Sunday, 22 January 2017

Ancient Aliens The ANUNNAKI 13 ☯ BLOOD 12THp NEW Documentary 2017

The Anunnaki (also transcribed as: Anunaki, Anunna, Anunnaku, Ananaki and other variations) are a group of deities in ancient Mesopotamian cultures (e.g. Sumerian, Akkadian, Assyrian, and Babylonian).[1]

 Image result for anunnaki mythology


The name is variously written "da-nuna", "da-nuna-ke4-ne",
or "
da-nun-na", meaning "princely
offspring" or "offspring of Anu".
[1] According to The Oxford Companion to World
, the Anunnaki: "...are the Sumerian deities of the old
primordial line; they are chthonic deities
of fertility, associated eventually with the underworld, where they became
judges. They take their name from the old sky god An (Anu)."

By her consort Anu, Ki gave birth to the Anunnaki, the most
prominent of these deities being Enlil, god of the air. According to legends,
heaven and earth were once inseparable until Enlil was born; Enlil cleaved
heaven and earth in two. Anu carried away heaven. Ki, in company with Enlil,
took the earth.
Some authorities[who?] question whether Ki was regarded as a deity
since there is no evidence of a cult and the name appears only in a limited
number of Sumerian creation texts. Samuel Noah Kramer identifies Ki with the Sumerian mother
goddess Ninhursag, and claims that they were
originally the same figure.


 Image result for anunnaki

Their relation to the group of gods known as the Igigi is unclear – at times the names
are used synonymously but in the Atra-Hasis flood myth the
Igigi are the sixth generation of the gods who have to work for the Anunnaki,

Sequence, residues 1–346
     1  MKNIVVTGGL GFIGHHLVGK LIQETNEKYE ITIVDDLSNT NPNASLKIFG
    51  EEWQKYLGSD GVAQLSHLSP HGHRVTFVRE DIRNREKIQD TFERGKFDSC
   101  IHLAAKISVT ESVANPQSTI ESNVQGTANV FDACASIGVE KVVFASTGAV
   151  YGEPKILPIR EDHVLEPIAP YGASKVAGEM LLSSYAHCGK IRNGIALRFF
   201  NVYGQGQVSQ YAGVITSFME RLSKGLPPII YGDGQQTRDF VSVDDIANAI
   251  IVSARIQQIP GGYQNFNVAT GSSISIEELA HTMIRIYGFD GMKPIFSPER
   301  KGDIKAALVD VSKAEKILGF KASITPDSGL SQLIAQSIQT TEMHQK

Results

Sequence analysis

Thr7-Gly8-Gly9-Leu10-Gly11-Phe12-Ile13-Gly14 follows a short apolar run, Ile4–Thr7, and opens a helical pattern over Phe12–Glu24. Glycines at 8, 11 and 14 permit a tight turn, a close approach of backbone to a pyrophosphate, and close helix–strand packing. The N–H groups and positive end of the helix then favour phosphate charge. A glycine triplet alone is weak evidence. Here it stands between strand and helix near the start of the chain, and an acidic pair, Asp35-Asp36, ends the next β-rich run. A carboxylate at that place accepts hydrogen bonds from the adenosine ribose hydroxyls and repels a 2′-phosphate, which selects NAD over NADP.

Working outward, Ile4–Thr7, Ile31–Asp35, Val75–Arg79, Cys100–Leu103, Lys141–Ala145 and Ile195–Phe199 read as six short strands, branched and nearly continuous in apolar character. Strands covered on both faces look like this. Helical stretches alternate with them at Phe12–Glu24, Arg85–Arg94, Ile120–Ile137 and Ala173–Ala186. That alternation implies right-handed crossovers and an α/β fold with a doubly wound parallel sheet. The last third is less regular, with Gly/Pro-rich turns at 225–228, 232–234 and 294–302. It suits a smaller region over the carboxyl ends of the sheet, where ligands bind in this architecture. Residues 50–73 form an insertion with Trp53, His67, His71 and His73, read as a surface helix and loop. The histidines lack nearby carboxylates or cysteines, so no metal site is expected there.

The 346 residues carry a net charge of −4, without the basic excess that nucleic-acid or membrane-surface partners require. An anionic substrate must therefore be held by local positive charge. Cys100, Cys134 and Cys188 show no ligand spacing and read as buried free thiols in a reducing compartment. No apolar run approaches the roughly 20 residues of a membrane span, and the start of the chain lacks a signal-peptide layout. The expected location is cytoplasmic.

rebelling after 40 days and replaced by the creation of humans.
Jeremy Black and Anthony Green offer a slightly different perspective
on the Igigi and the Anunnaki, writing that
"lgigu or Igigi is a term introduced in the Old Babylonian Period as a
name for the (ten) 'great gods'. While it sometimes kept that sense in later
periods, from Middle Assyrian and Babylonian times on it is generally used to
refer to the gods of heaven collectively, just as the term Anunnakku (Anuna)
was later used to refer to the gods of the underworld. In the Epic
of Creation
, it is said that there are 300 lgigu of heaven."
The Anunnaki appear in the Babylonian creation myth, Enuma Elish.[6] In the late version magnifying Marduk, after the creation of mankind, Marduk
divides the Anunnaki and assigns them to their proper stations, three hundred
in heaven, three hundred on the earth. In gratitude, the Anunnaki, the
"Great Gods", built Esagila, the splendid: "They raised high the
head of Esagila equaling Apsu.
Having built a stage-tower as high as Apsu, they set up in it an abode for
Marduk, Enlil, Ea." Then they built their own shrines.
The Anunnaki are mentioned in The Epic of Gilgamesh when Utnapishtim tells
the story of the flood. The seven judges of hell are called the Anunnaki, and
they set the land aflame as the storm is approaching.
According to later Assyrian and Babylonian myth,
the Anunnaki were the children of Anu and Ki, brother and sister gods, themselves the
children of Anshar and Kishar (Skypivot
and Earthpivot, the Celestial poles), who in turn were the
children of Lahamu and Lahmu ("the muddy ones"), names
given to the gatekeepers of the Abzu (House of Far Waters) temple at Eridu,
the site at which the creation was
thought to have occurred. Finally, Lahamu and Lahmu were the children of Tiamat (Goddess
of the Ocean) and Abzu (God of Fresh Water).
 Black, Jeremy and Green, Anthony: Gods,
Demons and Symbols of Ancient Mesopotamia: An Illustrated Dictionary
of Texas Press (Aug 1992)
 ISBN 978-0-292-70794-8 p.34
Jump up^ Leemings,
David (2009).
Oxford Companion to World Mythology. Oxford University Press. p. 21.
 ISBN 978-0195387087.
Jump up^ Leick,
 A Dictionary of Ancient Near Eastern Mythology (NY:
Routledge, 1998), p. 85
Jump up^ Black,
Jeremy and Green, Anthony:
 Gods, Demons and Symbols of Ancient Mesopotamia: An Illustrated
 University of Texas Press (Aug 1992) ISBN 978-0-292-70794-8 p.106 [1]
Jump up^ Enuma Elish, tablet 1, verse 156
Jump up^ N. K. Sandars (translator):
"The Epic of Gilgamesh", Penguin Books, London (2006)
 ISBN 978-0-141-02628-2 p.52
Jump up^ For a
comparison of all world pantheons and the monomythological connection of these
god-patriarchs with other culture pantheons, see "Kingship At Its
Source" by Dr. John D. Pilkey, and a preface monograph at

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